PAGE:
(Photo of the Montessori “Munari mobile”)
Children ages 0-6 explore their environment and learn through their senses. At birth, infants have the eyesight to see only as far as their parent's face. Mobiles designed in stark contrast of black and white catch the infant's eye, as it moves organically in the flow of natural drafts of a room.
Studies have shown that infants draw more stimulation from watching the unpredictability of an object moving naturally than they do from a manipulated or motor-powered movement because it is repetitive in pattern and pace, losing their attention. In giving infants the opportunity of uninterrupted periods of observation and engagement, an infant’s curiosity is captured, supporting them as they begin to strengthen and develop their eyesight beyond their parents' cradle.
The five senses are the tools of development inherent to all at birth. Dr. Montessori observed this phenomena as she developed her educational method. It is why the Montessori curriculum is founded upon materials designed to isolate one or more sense variables at a time, and control for the others.
As Dr. Montessori designed her curriculum, she would observe the students' response and engagement. If they did not engage with a material, she would adapt it, re attempt, adjust, and sometimes discard the material as it was unattractive to the child's natural drive (up until age 6) for development. Many times she would start over with something new until she arrived at effective, didactic materials for all children.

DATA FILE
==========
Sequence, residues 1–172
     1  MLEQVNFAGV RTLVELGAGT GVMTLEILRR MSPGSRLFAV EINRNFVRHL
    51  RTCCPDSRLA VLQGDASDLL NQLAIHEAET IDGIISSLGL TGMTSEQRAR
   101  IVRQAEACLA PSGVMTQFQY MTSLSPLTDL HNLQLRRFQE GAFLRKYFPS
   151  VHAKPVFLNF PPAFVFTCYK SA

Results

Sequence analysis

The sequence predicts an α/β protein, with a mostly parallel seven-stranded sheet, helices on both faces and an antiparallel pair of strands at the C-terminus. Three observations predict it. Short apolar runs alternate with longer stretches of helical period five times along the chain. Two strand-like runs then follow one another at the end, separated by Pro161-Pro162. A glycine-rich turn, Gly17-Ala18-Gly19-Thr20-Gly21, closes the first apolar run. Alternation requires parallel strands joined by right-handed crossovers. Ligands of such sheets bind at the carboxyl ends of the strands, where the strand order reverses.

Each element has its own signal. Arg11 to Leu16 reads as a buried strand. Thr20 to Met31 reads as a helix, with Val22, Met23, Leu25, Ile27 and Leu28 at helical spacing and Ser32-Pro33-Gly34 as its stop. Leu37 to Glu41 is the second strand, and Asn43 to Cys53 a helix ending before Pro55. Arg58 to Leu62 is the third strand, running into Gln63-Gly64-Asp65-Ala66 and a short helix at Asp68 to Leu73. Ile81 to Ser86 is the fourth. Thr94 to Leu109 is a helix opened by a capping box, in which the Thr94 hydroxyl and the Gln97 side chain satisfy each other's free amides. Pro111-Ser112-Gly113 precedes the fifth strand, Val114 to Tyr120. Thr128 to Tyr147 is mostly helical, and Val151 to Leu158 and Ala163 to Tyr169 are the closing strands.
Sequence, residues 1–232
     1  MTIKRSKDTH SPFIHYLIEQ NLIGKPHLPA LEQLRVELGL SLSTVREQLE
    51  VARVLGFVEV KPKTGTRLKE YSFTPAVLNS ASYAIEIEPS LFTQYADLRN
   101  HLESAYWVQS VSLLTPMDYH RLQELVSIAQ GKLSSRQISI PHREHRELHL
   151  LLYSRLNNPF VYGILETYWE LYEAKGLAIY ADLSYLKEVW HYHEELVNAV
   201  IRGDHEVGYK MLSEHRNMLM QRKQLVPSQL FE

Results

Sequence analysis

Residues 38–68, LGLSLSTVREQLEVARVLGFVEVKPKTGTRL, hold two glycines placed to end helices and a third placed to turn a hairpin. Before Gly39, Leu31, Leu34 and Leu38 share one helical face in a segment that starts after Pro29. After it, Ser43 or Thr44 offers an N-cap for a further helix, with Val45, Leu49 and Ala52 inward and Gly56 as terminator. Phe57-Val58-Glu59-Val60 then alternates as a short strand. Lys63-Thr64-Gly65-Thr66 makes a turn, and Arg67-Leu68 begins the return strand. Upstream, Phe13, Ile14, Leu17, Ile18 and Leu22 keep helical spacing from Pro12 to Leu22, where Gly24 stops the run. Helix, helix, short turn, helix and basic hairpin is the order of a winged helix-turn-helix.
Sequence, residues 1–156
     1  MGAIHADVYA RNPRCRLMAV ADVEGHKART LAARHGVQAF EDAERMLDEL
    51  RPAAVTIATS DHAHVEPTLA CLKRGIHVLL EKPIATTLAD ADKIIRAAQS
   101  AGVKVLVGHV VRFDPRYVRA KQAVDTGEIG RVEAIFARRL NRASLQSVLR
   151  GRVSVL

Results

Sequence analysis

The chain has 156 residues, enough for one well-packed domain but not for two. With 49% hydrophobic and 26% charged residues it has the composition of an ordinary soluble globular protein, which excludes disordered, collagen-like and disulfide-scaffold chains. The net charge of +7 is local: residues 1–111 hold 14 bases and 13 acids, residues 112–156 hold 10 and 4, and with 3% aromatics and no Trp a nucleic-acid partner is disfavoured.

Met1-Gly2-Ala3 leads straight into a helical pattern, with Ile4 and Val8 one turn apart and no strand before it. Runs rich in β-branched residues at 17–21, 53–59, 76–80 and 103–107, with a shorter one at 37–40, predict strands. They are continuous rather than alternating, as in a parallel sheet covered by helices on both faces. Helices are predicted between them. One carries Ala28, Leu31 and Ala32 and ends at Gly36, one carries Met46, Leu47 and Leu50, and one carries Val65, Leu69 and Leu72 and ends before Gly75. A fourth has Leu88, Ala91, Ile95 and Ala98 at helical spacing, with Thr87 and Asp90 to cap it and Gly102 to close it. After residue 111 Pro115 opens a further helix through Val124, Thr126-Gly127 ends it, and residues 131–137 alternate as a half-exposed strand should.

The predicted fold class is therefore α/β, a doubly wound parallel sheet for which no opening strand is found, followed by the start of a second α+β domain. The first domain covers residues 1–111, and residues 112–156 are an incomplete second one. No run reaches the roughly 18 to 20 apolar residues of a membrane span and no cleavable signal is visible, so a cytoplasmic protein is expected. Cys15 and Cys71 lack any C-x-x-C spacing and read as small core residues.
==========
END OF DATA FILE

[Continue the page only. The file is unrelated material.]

The Primary curricula employs sense-training didactic materials (and Elementary builds upon these same principles for 6-12 year olds):
The Red Rods are a material for learning numbers that control for all variables except for length: length is the only variable that changes in the material where the color, texture, and thickness all remain unchanging throughout so that the child's attention is on the changing variable and nothing else.
The Sound Cylinders control all variables except for one-- sound / hearing. The material is a set of 6 to 12 cylinders identical in texture, color, size, and shape, but each with a different sound. The child is given a lesson on listening to each cylinder to perceive the variation among the sounds.
Table Washing is considered one of the most complex lessons reserved for the oldest students due to the demand for a child to memorize the entire sequence and organization of the materials needed, including dishes, buckets, a sponge, drying cloth, bar soap, and a mat, washing in left to right, top to bottom rows, a curricular parallel to handwriting and reading.
Adults in the Primary classroom are even expected to limit the variable of speech– children are working to build their concentration and focus. Therefore, the room should be quiet (not silent) so that noise and conversation do not take their attention from their concentrated work (a key research point discussed in an article on the school website, titled “Uninterrupted Concentration”).
The entirety of the Montessori curriculum and classroom allows for each child to explore and learn through their senses. When learning takes place in this way, it becomes a foundation children can build upon at each stage of development.